Some people reading this blog may be old enough to remember a time when physiotherapists, occupational therapists and other professions allied to medicine were trained in colleges and schools attached to large teaching hospitals. Others will have only known the university system.
For most of us though, the university holds a special significance. It is where knowledge is acquired and one discovers the rudiments of one’s future practice. (Of course, we all know the real learning takes place in the clinical environment, but this only serves to enhance the ivory tower image of the university and the people working within it).
You used to go to university to acquire an education and a qualification. At graduation you would pass into the ranks of your chosen profession and become a colleague, a worker, an employee, and you would leave your student days behind.
Universities were the repositories of knowledge, and the only place where these special knowledges could be acquired. Graduation meant that the university had weighed and measured you and found you to be adequate for the task ahead.
These days, knowledge is far less constrained. People can acquire knowledge of pretty much anything, pretty much instantaneously. And if they don’t possess any particularly knowledge, it’s now relatively easy to find it at the end of their fingertips.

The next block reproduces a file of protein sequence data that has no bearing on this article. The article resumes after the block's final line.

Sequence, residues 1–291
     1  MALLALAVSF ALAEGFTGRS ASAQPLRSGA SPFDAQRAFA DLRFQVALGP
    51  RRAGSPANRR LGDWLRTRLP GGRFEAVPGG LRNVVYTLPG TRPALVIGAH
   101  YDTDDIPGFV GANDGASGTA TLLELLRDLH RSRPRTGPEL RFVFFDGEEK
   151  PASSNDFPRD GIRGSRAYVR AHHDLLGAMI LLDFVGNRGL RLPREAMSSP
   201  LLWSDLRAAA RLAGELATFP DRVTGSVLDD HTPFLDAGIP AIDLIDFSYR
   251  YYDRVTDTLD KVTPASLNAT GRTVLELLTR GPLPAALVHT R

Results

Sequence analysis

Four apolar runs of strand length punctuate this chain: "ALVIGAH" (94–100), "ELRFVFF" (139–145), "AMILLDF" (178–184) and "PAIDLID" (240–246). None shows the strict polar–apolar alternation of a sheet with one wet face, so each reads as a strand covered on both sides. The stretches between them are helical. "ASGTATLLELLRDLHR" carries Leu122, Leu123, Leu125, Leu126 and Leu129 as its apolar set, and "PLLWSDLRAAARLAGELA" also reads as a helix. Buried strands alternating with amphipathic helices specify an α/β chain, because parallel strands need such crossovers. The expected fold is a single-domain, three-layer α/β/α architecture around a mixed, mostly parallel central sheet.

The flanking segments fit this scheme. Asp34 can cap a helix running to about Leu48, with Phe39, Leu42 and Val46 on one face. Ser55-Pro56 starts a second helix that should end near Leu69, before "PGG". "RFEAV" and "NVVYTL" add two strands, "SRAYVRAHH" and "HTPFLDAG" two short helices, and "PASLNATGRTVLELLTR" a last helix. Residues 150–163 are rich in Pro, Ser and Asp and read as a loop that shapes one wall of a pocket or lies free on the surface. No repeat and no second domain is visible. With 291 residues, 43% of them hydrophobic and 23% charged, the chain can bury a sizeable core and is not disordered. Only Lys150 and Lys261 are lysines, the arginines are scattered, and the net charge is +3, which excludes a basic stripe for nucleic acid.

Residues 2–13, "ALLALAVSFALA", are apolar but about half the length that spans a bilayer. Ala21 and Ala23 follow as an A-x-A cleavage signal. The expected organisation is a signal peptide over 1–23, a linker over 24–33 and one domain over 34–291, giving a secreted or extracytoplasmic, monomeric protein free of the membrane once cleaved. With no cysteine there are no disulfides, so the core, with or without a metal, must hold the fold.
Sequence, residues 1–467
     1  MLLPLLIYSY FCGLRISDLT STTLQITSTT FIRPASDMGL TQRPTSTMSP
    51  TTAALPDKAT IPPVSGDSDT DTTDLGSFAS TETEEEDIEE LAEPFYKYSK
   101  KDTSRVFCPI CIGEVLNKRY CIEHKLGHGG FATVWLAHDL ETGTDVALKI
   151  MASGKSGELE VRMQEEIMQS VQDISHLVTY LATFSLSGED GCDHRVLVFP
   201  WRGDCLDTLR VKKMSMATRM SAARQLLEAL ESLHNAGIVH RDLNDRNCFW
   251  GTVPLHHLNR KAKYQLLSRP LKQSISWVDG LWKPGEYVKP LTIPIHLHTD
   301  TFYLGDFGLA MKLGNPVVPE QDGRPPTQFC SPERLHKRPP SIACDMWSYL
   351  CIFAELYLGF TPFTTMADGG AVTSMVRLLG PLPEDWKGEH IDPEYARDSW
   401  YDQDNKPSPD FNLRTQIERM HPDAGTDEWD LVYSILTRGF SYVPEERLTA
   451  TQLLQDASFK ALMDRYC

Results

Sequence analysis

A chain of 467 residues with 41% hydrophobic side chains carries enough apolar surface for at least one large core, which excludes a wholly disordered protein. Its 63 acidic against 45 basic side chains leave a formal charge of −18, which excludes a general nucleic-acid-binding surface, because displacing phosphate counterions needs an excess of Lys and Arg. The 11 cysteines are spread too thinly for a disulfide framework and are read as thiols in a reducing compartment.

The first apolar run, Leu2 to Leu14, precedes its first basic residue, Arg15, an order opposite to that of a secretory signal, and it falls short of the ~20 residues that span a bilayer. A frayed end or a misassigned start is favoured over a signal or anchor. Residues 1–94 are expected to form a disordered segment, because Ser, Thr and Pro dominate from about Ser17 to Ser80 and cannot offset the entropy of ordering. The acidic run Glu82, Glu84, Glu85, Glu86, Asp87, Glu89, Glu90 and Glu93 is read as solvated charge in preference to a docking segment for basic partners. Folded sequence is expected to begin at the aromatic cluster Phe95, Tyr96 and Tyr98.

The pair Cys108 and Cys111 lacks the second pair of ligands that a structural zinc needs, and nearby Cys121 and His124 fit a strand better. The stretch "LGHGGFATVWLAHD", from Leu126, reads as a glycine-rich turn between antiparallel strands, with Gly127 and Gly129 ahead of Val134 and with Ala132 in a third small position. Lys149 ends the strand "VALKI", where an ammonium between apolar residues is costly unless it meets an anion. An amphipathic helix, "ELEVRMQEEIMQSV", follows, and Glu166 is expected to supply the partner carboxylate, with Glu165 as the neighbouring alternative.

The democratisation of knowledge that has come with the World Wide Web has radically transformed how we think about the world around us, and opened up worlds that were once highly restrictive.
Even areas that were once strictly off limits to the average consumer – approaches to surgery, cervical manipulations, emergency department trauma – are all now easily consumed by anyone with a wifi connection and access to a computer.
So what role for the universities now that they no longer control people’s access to knowledge?
Some believe universities are now little more than accrediting institutions – places where the knowledge acquired out there in the world can be validated. But even this role is now in doubt and a radical new movement to democratise the awarding of credit for learning is taking place.
The Open Badge movement (you can find this easily in your preferred search engine), is based on the idea that we can all accredit each other’s learning.
Say, for instance, you go on a course. Why shouldn’t the course organisers give you credit for your learning? But wait, you say, don’t some professional bodies already give credit for continuing professional development? Yes they do, but what if that credit no longer relied on the paternalistic, controlling interest of a professional body?
The Open Badge movement is an initiative that tries to address this, allowing people to design and distribute ‘badges’ for whatever purpose they see fit.
Develop a new information sheet for patients; treat your 100th patient since graduation; develop a course for your colleagues; build a physiotherapy empire…Open Badges allow each of us to acknowledge our colleagues without waiting for a university, college, professional body, or any other traditional authority figure to recognise us.